John Peter Bolinsky July 19, 1896 - December 30, 1962
I grew up on Pine Street next to the Mahanoy City Post Office. First Street, the alley between our house and the post office, was the scene of much neighborhood sports activity.
In the spring and summer we played sponge ball, wiffle ball and house ball and in the fall, touch football. There were enough kids in the neighborhood to field two teams of at least six or seven players.
One summer day in the late 1950s I was playing sponge ball in "the alley" with the neighborhood gang. An elderly gentleman ( or so I thought at the time) walked along the side walk on his
way to the post office.
After he passed one of the older boys in our group said, " That was Joe Boley . He played in the World Series."
At the time that was the closest I had ever come to a major league baseball player and it was my only contact with
a Mahanoy City legend.
Joe Boley's best years were spent the International League for the Baltimore Orioles. Baltimore won seven consecutive league championships between 1919-1925.
Boley's batting average in Baltimore was above .300 for all but one season and his fielding percentage was exceptional. He should have made to the majors long before he did. The Orioles management made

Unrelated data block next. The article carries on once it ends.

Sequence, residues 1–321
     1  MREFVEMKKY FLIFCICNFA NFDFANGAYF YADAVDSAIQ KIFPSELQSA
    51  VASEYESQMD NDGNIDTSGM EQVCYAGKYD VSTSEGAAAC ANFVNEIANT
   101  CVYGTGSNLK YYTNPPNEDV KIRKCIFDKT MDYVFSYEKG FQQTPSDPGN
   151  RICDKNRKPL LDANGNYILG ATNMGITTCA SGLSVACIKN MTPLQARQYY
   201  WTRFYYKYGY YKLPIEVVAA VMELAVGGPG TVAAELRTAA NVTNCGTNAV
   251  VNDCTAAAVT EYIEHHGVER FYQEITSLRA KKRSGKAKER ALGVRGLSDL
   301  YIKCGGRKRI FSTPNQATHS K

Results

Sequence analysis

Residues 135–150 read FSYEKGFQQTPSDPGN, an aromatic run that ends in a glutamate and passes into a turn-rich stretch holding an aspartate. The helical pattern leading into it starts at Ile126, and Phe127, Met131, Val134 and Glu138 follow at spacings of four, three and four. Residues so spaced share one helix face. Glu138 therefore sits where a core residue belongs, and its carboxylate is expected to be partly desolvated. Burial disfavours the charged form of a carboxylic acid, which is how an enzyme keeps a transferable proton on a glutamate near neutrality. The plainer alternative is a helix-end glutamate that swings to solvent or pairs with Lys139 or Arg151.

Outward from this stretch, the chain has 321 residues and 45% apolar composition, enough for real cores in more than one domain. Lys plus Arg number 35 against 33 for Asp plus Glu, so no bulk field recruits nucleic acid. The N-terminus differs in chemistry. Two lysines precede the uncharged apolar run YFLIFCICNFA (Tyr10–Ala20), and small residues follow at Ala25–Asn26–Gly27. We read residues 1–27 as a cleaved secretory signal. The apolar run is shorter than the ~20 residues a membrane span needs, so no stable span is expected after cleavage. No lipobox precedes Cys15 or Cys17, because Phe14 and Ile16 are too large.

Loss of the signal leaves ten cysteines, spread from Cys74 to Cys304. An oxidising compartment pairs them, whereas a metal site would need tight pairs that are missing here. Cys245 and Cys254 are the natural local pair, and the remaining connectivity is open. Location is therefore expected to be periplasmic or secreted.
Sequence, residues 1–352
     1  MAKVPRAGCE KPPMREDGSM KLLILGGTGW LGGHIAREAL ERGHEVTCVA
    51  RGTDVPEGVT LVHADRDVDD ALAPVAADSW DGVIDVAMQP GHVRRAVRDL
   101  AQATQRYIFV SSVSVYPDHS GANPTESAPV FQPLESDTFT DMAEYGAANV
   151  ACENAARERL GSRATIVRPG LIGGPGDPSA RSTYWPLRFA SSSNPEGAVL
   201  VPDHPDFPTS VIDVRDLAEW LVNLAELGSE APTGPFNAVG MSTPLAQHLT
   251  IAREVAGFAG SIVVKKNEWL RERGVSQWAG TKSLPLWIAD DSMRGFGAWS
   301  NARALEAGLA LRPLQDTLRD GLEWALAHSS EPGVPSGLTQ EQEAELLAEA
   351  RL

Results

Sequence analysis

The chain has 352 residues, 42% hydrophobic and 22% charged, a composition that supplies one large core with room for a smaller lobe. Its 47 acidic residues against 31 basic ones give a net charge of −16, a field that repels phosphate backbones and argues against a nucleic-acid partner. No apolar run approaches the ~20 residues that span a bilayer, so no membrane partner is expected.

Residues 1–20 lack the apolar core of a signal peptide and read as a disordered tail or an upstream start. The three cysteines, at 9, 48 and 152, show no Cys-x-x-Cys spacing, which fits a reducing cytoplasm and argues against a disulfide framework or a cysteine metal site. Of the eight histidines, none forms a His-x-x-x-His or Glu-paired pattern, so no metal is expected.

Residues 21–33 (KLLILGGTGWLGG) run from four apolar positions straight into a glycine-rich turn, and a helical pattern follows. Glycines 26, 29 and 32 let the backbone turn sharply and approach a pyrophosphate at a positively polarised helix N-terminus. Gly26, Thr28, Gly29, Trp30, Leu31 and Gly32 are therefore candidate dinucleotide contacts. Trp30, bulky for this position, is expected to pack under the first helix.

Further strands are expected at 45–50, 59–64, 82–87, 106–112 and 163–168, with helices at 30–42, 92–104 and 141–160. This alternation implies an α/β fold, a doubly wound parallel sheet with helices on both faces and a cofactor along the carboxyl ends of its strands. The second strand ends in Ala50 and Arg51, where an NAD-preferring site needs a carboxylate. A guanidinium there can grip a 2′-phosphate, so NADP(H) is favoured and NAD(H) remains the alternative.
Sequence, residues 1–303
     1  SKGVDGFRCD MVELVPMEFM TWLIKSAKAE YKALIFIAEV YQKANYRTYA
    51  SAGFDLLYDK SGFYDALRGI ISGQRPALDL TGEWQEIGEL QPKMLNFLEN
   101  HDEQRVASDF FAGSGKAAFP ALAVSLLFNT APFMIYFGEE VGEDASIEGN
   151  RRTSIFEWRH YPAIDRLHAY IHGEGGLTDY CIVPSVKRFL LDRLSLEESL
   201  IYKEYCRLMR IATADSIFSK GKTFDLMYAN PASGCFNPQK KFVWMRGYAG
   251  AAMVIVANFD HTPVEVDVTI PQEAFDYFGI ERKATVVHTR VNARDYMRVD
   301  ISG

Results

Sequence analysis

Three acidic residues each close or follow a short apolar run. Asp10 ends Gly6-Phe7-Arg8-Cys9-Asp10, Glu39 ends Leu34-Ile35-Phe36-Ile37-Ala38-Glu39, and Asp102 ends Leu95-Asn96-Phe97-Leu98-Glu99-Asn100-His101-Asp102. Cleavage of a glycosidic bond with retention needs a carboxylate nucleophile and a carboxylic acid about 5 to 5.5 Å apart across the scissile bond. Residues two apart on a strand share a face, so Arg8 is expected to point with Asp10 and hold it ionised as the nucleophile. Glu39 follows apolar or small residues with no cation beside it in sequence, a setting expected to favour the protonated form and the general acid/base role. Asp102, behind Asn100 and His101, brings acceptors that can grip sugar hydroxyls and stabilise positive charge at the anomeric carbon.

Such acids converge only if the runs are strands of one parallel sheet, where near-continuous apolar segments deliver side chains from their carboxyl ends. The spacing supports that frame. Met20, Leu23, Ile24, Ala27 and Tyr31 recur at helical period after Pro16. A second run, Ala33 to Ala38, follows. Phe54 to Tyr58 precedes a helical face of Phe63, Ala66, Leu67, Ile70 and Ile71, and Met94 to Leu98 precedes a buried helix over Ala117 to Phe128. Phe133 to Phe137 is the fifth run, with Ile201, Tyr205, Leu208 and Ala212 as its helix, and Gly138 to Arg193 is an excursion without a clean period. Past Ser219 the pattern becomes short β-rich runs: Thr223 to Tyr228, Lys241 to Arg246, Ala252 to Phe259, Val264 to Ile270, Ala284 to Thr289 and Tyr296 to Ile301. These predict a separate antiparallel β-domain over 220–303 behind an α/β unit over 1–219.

sure he stayed in Baltimore by placing a high price tag on their star shortstop.
Finally in 1927 he was purchased by the Philadelphia Athletics ( managed by the legendary Connie Mack) for $60,000 dollars. Boley joined Jimmy Foxx, Max Bishop and Jimmy Dykes as part of the A's" million dollar" infield.
As a twenty-eight year old rookie Joe batted .311 and then helped the A's to three American league pennants and two World Series Championships from 1929-31.
The Mahanoy City Historical Society's Record American Digitization Project has afforded me access to early newspaper accounts of Boley's career . I have included a few in this article.
More are available to the public in the historical society headquarters.
Darrell Hanson has written an excellent short biography of Joe Boley for the Society of American Baseball Research. I have used some quotes from that biography as captions for some of the pictures.
In 1996 William Nack wrote an article for Sports Illustrated entitled The Team That Time Forgot. When Joe Boley walked through the post office alley that day in the late 1950's
I had no idea that he played on what some experts consider the greatest team in baseball history.Nack's article tells why the 1929-31 Athletics deserve that accolade.
I have used a few quotes from Nack's article as captions also.
Links to both articles can be found below